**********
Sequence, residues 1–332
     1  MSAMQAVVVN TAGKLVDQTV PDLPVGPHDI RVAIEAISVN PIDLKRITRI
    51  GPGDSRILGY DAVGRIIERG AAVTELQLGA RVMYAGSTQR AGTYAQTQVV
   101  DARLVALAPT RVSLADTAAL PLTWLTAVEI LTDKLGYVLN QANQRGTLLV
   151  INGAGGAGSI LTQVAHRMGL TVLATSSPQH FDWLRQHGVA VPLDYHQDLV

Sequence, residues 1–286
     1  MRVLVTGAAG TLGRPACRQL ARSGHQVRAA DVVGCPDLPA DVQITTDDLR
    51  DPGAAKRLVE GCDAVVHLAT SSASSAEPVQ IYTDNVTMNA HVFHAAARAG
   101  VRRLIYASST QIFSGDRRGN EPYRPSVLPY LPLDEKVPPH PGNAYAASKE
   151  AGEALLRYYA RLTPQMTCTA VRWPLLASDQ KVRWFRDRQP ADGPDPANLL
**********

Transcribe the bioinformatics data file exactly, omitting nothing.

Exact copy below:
Sequence, residues 1–332
     1  MSAMQAVVVN TAGKLVDQTV PDLPVGPHDI RVAIEAISVN PIDLKRITRI
    51  GPGDSRILGY DAVGRIIERG AAVTELQLGA RVMYAGSTQR AGTYAQTQVV
   101  DARLVALAPT RVSLADTAAL PLTWLTAVEI LTDKLGYVLN QANQRGTLLV
   151  INGAGGAGSI LTQVAHRMGL TVLATSSPQH FDWLRQHGVA VPLDYHQDLV

Sequence, residues 1–286
     1  MRVLVTGAAG TLGRPACRQL ARSGHQVRAA DVVGCPDLPA DVQITTDDLR
    51  DPGAAKRLVE GCDAVVHLAT SSASSAEPVQ IYTDNVTMNA HVFHAAARAG
   101  VRRLIYASST QIFSGDRRGN EPYRPSVLPY LPLDEKVPPH PGNAYAASKE
   151  AGEALLRYYA RLTPQMTCTA VRWPLLASDQ KVRWFRDRQP ADGPDPANLL